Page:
Triangles and Conductances

Just a little post on something that’s really simple, not new, and might seem obvious to some people – but might help when choosing how to explore the effect of altering parameters on action potential model behaviour.

The reason I thought I’d post this is that people have expressed surprise that they don’t see symmetric sized effects on action potentials when they make a maximal conductance bigger or smaller. By which, I mean that adding/subtracting a constant percentage (e.g.) +/- 50% to a conductance doesn’t lead to the same ‘balanced’ changes in action potential properties. But I don’t think you should expect that, and why not is all to do with triangles!

Remembering our GCSE maths, the simple equation for a straight line is:

y(x) = mx + c. ...(1)

The equation of a straight line

Figure 1: The equation of a straight line

Where m is the gradient of the line, or dy/dx. If you want to consider where the triangle in Figure 1 hits the x-axis (y = 0), just re-arrange:

x = -c/m ...(2)

which is positive in Figure 1 since m is a negative gradient.

If you think of a cardiac action potential model, we usually write something that looks like

dV/dt = -(g*open_probability*driving_voltage + same for each other current)

where the ‘g’ is the maximum conductance of a current, proportional to the number of available ion channels in the cell membrane.

So thinking of the triangle as a simplified action potential*, the gradient is given by m = dV/dt and looking at the intercept with the x-axis as the action potential duration (APD), we would write (2) as

APD = -c/(dV/dt) = c/(g*stuff) ...(3)

(I will drop the ‘stuff’ for simplicity). From this simple equation, you can see that to double APD you would have to halve ‘g’, and to halve APD you would have to double ‘g’. This has some consequences for exploring model behaviour.

Two graphs of 1/x

Figure 2. Left: the effect of altering the gradient by up to + 80% (APD can be reduced by up to 45%), Right: the effect of altering the gradient by up to -80% (APD can increase by up to 500%). Red line is 1/x, black dashed line is the identity line y=x. You wouldn’t believe how long it took me to make matlab do that overlapping shading thing.

In Figure 2 I’ve highlighted a couple of things to note from equation (3). I’ve plotted ‘APD’ as a function of g (a plot of 1/x). If we increase g by 80%, by changing its value from 1 to 1.8, we can see the APD is reduced from 1 to 1/1.8, by about -45%. Decreasing ‘g‘ by 80%, from 1 to 0.2, has a much larger effect, with increase in APD from 1 to 1/0.2, a change of +500%.

A graph of 1/x with x=0.5 to 2 highlighted.

Figure 3: scaling a conductance by multiplying/dividing by the same factor allows you to explore the same changes to behaviour.

In Figure 3 I’ve showed an alternative way of exploring the space. By multiplying/dividing by a factor (of 2 in what I’ve shown) we get a symmetric plot, so we can see changes of 2x or 1/2 in APD by exploring the same range in conductance ‘g’.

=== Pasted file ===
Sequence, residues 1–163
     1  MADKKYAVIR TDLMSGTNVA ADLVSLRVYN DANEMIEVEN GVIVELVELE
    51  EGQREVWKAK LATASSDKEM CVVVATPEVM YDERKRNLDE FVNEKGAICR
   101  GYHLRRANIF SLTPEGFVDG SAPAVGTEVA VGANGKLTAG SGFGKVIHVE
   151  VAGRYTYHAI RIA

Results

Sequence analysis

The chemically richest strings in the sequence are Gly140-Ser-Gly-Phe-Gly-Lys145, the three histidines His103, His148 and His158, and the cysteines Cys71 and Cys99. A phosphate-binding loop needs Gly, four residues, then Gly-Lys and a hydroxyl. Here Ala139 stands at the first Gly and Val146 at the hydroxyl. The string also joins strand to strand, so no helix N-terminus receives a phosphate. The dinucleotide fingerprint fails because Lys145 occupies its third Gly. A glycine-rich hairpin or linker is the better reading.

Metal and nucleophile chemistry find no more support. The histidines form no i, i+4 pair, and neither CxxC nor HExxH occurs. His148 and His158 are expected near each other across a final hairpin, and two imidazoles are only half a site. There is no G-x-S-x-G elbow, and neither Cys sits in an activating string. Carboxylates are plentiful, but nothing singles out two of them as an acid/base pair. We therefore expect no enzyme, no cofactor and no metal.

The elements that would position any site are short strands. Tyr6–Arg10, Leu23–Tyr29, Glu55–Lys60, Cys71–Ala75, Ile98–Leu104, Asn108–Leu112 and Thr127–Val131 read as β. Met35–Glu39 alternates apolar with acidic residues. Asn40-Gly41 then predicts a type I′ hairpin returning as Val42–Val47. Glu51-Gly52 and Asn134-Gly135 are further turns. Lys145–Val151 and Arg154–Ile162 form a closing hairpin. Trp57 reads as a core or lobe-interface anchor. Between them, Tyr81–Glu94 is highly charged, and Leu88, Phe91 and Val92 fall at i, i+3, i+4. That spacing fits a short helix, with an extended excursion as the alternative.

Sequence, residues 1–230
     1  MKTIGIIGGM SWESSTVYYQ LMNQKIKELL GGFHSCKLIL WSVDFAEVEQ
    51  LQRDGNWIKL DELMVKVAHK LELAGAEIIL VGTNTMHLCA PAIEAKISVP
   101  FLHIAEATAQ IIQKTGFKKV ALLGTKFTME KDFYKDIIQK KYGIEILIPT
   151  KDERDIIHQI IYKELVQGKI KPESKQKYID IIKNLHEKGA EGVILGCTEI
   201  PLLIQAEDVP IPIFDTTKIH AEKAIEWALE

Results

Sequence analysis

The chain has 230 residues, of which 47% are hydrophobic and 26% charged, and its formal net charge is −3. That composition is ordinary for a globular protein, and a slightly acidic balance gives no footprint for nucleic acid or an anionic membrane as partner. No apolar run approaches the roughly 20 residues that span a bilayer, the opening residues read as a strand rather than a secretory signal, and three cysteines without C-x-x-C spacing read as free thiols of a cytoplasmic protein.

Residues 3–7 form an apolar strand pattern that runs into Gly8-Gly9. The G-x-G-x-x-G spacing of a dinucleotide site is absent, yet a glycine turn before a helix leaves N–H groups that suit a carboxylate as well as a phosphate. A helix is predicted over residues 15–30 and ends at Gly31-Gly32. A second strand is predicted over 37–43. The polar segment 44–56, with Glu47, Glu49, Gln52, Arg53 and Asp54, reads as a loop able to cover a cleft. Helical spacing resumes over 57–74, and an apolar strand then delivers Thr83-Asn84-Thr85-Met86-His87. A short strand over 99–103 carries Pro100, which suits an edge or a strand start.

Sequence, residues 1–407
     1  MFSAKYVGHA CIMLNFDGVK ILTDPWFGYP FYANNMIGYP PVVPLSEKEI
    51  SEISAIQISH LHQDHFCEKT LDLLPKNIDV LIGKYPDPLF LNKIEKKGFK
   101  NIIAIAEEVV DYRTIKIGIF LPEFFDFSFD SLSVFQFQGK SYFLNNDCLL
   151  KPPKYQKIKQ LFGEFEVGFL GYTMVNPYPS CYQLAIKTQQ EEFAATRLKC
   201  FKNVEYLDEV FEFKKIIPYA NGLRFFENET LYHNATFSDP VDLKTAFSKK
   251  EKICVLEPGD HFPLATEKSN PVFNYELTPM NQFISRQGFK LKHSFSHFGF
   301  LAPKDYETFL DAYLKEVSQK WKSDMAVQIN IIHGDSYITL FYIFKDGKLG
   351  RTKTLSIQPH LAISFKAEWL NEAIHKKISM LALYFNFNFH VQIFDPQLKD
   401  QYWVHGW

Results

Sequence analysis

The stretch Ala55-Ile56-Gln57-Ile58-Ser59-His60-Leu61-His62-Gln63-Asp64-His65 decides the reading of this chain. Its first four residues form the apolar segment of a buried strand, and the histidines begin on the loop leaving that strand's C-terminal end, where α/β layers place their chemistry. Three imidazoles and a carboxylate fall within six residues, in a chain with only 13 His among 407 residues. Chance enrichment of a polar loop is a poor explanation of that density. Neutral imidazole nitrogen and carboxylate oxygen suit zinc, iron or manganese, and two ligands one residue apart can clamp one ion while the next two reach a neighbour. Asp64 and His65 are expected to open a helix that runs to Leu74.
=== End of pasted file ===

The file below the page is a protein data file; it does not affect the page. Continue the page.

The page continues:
By way of a more useful example I’ve varied the calcium current conductance g_CaL in the ten Tusscher 2006 (epi) model, and show the results in Figure 4.

ten Tusscher 2006 action potentials

Figure 4: An example with ten Tusscher 2006 (epi), in both plots black is the control AP, red is with decreased g_CaL and blue is with increased g_CaL. Left: g_CaL scaled by +/-50%. Right: g_CaL scaled by *2 or /2. Here, in contrast to my advice in this post, I’ve just looked at one pace of simulation to avoid too many other effects coming in to confound this!

Just as we expected from the triangle analogy, we get far more ‘symmetry’ in the response when scaling g_CaL rather than changing it by +/- a fixed percentage (not exactly symmetric because the nonlinear parts of the system come into play too, as different currents get affected by the alteration to voltage).

You might decide that biology has set up its machinery in such a way as to make changes in conductances of +/-50% more likely than +100%/-50%, so you are happy seeing the consequences of varying parameters like that, which is fine. But if you want to do an inverse problem, and see which parameters could describe a wide range of APDs, then I’d suggest it makes sense to explore the parameters by scaling instead of percentage changes.

*of course, this is pretending there is only one (constant) ion current. But as we can see in the example in Figure 4, the principle on the possible effects of conductance changes still applies with more currents. Incidentally, none of the above argument needs the triangle to be the whole action potential, if you zoom in on any little bit of action potential it will look like a triangle, and the same argument therefore applies to any action potential property you care to look at…

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1 Response to Triangles and Conductances

  1. Pingback: Numerical errors from ODE solvers can mess up optimisation and inference very easily | Mathematical Matters of the Heart

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